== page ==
What’s crucial to understand is that intrusive thoughts are not a reflection of you whatsoever. If anything, they’re a reflection of things you would never do. But unfortunately, a whole bunch of people online with very little knowledge about OCD and intrusive thoughts, decided that intrusive thoughts were indicative of a person’s morality, and went on rants about how having intrusive thoughts of doing things that are morally wrong makes you an inherently bad person. Yikes.

Absurdity of this and the leap to judge aside, can you imagine being someone with morality OCD, constantly terrified that you’re secretly an awful person, and having a ton of strangers online who don’t know anything band together to tell you that your therapist is wrong and you are a terrible person? That shit is scary, to say the least.

I don’t think the people dogpiling on in this instance had malicious intent. They just didn’t know what they were talking about. And I’ve talked before about the importance of just saying “I don’t know enough about this to have an opinion right now,” but this goes especially for things like mental illness. People with mental illnesses are people, including people with the “scary” mental illnesses like dissociative identity disorder, bipolar disorder, and schizophrenia. Rather than making assumptions and judgements based on our knee-jerk reactions and social prejudices, take a second to stop and think.

That man walking down the street talking to himself isn’t scary or hurting you. So what if he’s being loud? The stereotype of mentally ill people as dangerous and violent is harmful and untrue. I promise the lady on the bus crying and muttering to herself is not plotting to attack you. She probably didn’t even notice you, unless it’s because you’re being a total asshole and staring at someone having a breakdown in public. Everyone deserves support and care, and that includes people whose issues aren’t the sanitized, palatable versions of three disorders that get to be seen on TV.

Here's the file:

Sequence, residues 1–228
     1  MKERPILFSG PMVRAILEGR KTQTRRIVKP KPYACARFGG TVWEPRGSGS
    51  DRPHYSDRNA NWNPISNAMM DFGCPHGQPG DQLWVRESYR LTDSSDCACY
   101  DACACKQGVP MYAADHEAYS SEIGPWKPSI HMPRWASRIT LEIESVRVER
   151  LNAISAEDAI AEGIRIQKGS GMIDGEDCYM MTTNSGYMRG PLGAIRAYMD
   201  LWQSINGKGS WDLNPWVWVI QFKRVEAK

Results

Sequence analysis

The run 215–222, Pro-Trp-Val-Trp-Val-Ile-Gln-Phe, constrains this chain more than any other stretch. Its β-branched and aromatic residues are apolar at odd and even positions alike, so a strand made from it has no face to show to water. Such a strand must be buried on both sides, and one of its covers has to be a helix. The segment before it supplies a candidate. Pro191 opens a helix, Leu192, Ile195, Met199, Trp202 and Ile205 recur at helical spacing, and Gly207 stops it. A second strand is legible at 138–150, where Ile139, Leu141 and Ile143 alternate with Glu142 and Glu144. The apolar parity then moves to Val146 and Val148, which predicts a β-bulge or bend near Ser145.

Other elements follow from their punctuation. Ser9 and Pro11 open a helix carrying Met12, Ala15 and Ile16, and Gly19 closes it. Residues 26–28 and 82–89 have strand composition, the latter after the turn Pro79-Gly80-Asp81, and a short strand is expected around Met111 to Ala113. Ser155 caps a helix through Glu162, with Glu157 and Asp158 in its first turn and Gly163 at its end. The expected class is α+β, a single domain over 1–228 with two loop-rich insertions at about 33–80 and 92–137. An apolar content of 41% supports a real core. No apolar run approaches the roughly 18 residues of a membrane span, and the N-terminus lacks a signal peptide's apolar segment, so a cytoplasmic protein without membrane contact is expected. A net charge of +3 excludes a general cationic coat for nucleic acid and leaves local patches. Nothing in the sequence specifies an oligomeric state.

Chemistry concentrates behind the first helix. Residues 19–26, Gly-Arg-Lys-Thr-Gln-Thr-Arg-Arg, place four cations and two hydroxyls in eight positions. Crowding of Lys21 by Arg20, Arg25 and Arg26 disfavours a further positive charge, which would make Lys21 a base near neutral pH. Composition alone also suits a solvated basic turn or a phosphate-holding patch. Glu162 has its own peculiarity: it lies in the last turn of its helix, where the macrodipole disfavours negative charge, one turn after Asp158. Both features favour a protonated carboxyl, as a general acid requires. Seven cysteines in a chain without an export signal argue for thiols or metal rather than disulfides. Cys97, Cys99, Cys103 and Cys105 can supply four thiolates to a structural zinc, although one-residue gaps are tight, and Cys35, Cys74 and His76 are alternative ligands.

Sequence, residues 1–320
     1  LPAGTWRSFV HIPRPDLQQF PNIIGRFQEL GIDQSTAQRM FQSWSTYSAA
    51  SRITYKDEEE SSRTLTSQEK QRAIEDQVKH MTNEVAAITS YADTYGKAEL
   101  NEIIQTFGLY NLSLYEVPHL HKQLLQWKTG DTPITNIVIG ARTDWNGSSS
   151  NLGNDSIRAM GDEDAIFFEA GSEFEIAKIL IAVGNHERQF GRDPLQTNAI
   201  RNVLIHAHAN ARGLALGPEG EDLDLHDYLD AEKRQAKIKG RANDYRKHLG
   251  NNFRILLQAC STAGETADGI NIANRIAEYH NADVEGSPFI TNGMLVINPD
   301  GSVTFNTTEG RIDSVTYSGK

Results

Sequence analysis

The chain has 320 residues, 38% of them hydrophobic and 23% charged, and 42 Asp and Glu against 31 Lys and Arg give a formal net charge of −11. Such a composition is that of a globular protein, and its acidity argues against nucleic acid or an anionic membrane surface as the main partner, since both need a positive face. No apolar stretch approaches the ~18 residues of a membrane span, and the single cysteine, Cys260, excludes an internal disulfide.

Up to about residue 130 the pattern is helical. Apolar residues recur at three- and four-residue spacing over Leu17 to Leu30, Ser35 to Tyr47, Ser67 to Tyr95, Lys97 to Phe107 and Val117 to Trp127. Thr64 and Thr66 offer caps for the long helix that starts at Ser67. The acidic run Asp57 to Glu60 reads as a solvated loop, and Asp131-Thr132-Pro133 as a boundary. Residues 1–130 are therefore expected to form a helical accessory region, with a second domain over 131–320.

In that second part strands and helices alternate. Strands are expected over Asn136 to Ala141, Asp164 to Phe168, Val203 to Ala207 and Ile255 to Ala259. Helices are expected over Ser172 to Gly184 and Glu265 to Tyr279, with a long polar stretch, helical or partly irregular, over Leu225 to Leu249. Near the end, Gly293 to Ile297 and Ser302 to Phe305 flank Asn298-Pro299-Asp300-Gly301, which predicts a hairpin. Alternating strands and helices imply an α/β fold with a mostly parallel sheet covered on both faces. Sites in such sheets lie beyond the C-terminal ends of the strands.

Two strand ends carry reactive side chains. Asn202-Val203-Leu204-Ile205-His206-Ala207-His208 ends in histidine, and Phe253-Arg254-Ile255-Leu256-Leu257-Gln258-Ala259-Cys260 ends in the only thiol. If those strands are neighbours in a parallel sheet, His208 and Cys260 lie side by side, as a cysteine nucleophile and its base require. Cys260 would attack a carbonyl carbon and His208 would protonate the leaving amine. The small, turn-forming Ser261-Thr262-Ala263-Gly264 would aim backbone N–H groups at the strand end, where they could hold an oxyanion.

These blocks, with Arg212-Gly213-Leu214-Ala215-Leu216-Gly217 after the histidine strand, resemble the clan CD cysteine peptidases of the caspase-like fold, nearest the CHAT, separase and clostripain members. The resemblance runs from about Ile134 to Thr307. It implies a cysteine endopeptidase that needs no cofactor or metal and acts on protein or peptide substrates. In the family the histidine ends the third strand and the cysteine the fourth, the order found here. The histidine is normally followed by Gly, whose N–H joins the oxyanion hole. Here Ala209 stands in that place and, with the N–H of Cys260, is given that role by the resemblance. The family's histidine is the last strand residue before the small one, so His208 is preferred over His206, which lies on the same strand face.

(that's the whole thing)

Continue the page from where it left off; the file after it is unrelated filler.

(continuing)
Like, we’ve got to stop using “psychopath” (which isn’t even an  actual diagnosis, by the way) as a synonym for “bad person.” Psychopathy is a symptom of antisocial personality disorder, which people no more choose to have than I choose to be depressed. I know unexpected things are jarring, and that includes seeing people experience symptoms you aren’t familiar with. It’s ok to be surprised. It’s not ok to treat people poorly just because you don’t understand them. Acceptance of mental illness includes all mental illnesses, and until we stop dividing mental illnesses into “good person” and “bad person” categories, we will continue to do more harm than good.